The Perfect Food for Camping!

Two words: bread dough! This amazing food is so versatile, and absolutely perfect for camping. Whether it’s your own homemade batch, or a bag of Rhode’s Bake n’ Serve straight from the grocery store’s freezer, here are five things you can do with a batch of bread dough around a campfire:

Cow Horn Biscuits. You’ll want well-washed sticks (one for each person in your camping party) that are at least 1 1/2- to 2-inches in diameter. Coat the end of each stick—6 inches worth—with butter, olive or coconut oil.

Pull about a piece of dough a little bigger than a golf ball from your dough ball. Flatten and stretch it to about 6-inches then wrap it around your chunky stick, per the photo. Bake them over your morning coals, turning continuously until the horn is golden brown and cooked through.

Remove from stick and fill with scrambled eggs. Delicious!

Then there’s Campfire Doughnuts. Fill a Dutch oven with 3- to 4-inches of vegetable oil. Heat until it bubbles; drop a tiny ball of dough into the oil to test for readiness. If the oil is ready, the oil will sizzle and the ball will immediately begin to brown.

You’ll want tongs for turning your doughnuts. Pull golf-ball-sized pieces of dough from your big batch and stretch to about 3 inches. Poke a hole in the middle of each piece and drop them into the oil. Cook on one side for about 2 minutes and then turn to cook the other side. Drain on paper towels and then place them in a paper bag filled with cinnamon and sugar. Or coat each one with maple icing (our favorite touch). These are better than those you get at Crispy Crème!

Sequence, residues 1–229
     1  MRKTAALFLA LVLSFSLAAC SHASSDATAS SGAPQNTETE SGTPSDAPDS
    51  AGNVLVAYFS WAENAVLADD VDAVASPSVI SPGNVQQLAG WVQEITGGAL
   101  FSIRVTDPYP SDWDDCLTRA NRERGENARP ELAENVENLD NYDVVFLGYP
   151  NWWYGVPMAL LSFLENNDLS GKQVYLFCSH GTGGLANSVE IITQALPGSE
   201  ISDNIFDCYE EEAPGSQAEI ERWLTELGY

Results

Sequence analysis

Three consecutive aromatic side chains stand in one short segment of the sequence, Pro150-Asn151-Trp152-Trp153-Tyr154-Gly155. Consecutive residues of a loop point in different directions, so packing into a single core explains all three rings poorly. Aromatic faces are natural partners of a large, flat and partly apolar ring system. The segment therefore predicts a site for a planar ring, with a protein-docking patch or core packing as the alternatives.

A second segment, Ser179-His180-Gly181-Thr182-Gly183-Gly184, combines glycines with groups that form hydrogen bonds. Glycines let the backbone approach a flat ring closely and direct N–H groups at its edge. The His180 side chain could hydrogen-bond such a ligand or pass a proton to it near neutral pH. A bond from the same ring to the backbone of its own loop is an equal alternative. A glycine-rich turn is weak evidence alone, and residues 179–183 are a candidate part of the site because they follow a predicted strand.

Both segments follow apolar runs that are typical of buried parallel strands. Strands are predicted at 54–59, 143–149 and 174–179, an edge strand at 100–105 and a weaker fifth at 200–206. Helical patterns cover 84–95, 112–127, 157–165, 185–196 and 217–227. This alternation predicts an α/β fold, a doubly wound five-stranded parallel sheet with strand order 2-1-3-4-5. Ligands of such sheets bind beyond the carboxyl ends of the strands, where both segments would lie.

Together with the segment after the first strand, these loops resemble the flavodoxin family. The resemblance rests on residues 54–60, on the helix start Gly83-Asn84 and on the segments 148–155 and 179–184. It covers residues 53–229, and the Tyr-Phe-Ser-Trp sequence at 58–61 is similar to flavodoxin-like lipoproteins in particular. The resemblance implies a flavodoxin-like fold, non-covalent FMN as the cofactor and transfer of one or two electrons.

How about Dogs in a Wrap? Once again you’ll be using golf-ball-sized pieces of dough. Stretch them out in the shape of a triangle. Then lay a hot dog on the widest end of your dough triangle and roll it up to the point of the triangle. Secure the dough with a good pinch, insert your weenie roasting stick, patiently roast the dog over the coals.

Turn continuously until the dough is golden brown and the dog is cooked through. Such a classy and fun take on “Pigs in Blankets.” It’s the campfire smoke that adds a special flavor punch!

Campfire Pies are a wonderful dessert. You need sandwich irons for these (as many as you have people in your group, perhaps). Over at the site, Andrea’s Recipes, I found the suggestion to add ricotta cheese to the pie filling if you want some creaminess (and yes I do).

Grease each side of the iron well. Smallish golf-ball-sized pieces of dough (one for each side of the iron) are spread thin. Place one stretched piece of dough on one side of the iron. Drop a hefty dollop of your favorite pie filling in the middle of this, then cover with the other piece of stretched dough. Pinch all sides together well and close the iron. You’ll want to cover these irons with coals and let the pies cook for about 10 or 12 minutes (depending on how red hot your coals are. This will take a little experimenting, but the end result is SO worth the time and effort!

Pie on a Stick is another dessert that id likely to become a camping tradition—it’s easy and scrumptious. It’s just apples rolled in balls of dough that are then coated in melted butter and rolled in cinnamon and sugar.

I always bring a plastic zippered bag of a cinnamon and sugar mix for coating our fried doughnuts and coating our apples for this Pie on a Stick. After you have your dough (about a golf-ball-sized piece for each apple) firmly covering your apple, just drop it into the plastic bag and give it a few good shakes. Remove the apple, insert a roasting stick, and slowly cook, turning continuously, over hot coals. I serve these with whipped cream and always regret that I didn’t make extras, because these are a huge crowd pleaser and folks always want more.


    Alice Osborne
    Weekly Newsletter Contributor since 2006
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